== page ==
At the event, seen in the video below, Eric spoke in length about what he would do in regards to the brand extension/split:
“First of all, this is the third attempt at a major promotion brand extension. The first one was mine, it was kind of short-lived and it really wasn’t a pretty sight. WCW Thunder The whole idea was to create a show for the nWo, which is why we grew nWo as much as we did, and as quickly as we did because we knew we couldn’t keep all of the talents on one show without diluting the product itself. So, the idea was to build up the nWo, so that nWo or WCW would have Nitro, then the other would be on Thursday. That was the whole reason, which is why we did the nWo pay-per-view, which was called Souled Out”.
“And that was my attempt. The second attempt was WWE’s attempt, which I was a part of. My attempt failed for a number of reasons, I think WWE’s attempt… while it’s hard to classify it as a failure, it certainly didn’t reach their expectations or anybody else’s, and I was a part of that but I was kind of a bystander, I was a talent, I didn’t have anything to do with it internally. But I think after going through my own experience and having been a part of WWE’s experience, the advice that I have would be to be as disciplined as you can possibly be at keeping the brands distinct.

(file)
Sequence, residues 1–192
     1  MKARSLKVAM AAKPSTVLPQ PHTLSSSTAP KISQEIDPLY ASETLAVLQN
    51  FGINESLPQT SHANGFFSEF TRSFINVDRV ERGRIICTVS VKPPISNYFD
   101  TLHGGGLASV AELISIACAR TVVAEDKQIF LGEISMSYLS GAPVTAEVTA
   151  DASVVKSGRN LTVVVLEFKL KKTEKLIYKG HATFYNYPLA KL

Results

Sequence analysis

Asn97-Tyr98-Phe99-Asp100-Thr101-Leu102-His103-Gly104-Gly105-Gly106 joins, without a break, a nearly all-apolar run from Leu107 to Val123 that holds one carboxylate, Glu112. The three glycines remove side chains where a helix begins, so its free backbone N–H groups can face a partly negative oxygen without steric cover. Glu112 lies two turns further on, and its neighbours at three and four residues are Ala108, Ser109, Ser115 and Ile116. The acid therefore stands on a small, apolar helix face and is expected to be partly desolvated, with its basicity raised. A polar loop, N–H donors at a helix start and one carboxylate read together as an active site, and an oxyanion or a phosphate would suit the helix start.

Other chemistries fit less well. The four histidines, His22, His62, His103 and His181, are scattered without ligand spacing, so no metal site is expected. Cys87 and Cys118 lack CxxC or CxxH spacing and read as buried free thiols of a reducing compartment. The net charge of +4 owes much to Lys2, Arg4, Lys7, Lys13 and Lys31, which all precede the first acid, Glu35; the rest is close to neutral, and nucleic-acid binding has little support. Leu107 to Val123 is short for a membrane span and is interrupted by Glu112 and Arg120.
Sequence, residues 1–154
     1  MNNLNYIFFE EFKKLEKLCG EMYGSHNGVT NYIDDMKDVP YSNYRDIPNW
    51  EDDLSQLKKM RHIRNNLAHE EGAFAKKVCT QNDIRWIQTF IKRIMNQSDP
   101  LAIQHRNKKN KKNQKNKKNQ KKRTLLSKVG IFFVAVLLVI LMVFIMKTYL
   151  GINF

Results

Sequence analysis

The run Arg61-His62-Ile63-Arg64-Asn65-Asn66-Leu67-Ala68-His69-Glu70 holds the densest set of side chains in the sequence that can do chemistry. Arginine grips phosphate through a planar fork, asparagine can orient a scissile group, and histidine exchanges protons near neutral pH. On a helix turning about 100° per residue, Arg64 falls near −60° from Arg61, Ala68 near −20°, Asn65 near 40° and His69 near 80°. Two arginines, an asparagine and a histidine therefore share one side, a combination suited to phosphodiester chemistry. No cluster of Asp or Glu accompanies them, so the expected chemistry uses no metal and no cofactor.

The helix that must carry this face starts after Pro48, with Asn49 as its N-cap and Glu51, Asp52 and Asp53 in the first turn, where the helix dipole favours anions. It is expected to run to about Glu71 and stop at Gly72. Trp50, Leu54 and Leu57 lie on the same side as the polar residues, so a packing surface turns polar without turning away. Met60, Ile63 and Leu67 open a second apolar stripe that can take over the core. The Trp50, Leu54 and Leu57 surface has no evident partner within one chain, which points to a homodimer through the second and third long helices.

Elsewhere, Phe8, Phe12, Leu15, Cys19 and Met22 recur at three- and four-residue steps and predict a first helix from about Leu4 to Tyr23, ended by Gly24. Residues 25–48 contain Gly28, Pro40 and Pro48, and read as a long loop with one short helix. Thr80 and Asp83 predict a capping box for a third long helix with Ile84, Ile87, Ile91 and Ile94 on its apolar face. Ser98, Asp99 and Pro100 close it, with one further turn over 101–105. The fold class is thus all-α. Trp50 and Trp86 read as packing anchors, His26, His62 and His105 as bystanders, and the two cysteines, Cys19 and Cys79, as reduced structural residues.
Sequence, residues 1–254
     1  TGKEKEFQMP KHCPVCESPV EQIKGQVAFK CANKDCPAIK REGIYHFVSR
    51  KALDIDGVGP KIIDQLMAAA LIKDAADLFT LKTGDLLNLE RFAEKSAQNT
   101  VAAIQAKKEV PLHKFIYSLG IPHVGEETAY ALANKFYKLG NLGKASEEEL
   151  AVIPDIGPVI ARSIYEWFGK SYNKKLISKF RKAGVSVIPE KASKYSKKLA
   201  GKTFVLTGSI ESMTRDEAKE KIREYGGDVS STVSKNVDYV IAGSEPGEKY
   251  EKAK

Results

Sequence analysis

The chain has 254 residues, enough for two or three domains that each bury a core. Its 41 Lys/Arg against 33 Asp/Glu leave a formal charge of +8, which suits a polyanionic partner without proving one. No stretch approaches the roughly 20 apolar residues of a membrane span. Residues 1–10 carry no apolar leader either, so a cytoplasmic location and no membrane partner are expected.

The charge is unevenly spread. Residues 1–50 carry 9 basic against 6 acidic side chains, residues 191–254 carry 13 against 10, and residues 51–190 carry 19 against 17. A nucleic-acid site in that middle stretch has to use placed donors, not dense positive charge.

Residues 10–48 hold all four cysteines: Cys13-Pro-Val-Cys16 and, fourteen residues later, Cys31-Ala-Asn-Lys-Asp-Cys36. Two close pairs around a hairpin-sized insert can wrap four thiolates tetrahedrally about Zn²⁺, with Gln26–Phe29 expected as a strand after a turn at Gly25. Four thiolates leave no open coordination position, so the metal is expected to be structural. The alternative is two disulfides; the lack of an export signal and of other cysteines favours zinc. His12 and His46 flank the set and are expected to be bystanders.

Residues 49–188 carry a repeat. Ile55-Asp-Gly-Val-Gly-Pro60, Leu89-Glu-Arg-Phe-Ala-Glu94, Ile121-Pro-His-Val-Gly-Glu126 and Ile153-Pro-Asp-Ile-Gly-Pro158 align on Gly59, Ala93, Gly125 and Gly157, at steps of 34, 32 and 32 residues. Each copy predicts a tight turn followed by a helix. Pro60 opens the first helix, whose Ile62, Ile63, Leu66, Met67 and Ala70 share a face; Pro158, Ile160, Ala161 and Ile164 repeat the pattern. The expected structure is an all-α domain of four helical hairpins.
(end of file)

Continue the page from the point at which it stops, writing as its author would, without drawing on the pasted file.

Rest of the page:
If you don’t make them feel completely different, it won’t work. And part of that is creating stakes, part of that is, it’s got to feel real, it’s got to be believable or nobody’s going to buy into it. But don’t let the talent start transitioning back and forth because you dilute the concept. They won’t feel like two brands, they’ll just feel like two different shows, which is what they already feel like.”
Eric then went on to predict that this current WWE brand split wouldn’t last any more than six months:
“Because WWE does such a great job producing a phenomenal show, it doesn’t feel… it’s almost too perfect, there’s no grit. It needs to feel a little gritty, at least one of them. They both don’t have to feel gritty but one of them has to feel a little edgy, a little dangerous like something’s going to happen that you wouldn’t expect on one show, because it’s a little less sophisticated. That’s the magic and if they both start feeling very well produced, almost glossy in their presentation, and the talent is jumping back and forth, I won’t give it six months. You won’t hear the term brand extension six months from now. It’ll suffer the same fate that it suffered the last time they tried it because that’s what happened the last time they tried it.”
Blake’s Take: This is very interesting. It seems he already had his ideas of how to differentiate the brands before his appointment was made public. Which beggars the question….how long ago were Eric And Paul contacted about the job? He brings up some valid points in his Glasgow talk. You can’t have two very samey-slick shows that share the same stage, branding, etc. One NEEDS to be different. I have high hopes that once SmackDown moves to FOX this fall, it will be the kick up the ass it needs. And as Bischoff has experience working with TV execs (WCW and TNA), he could be the right man for the job.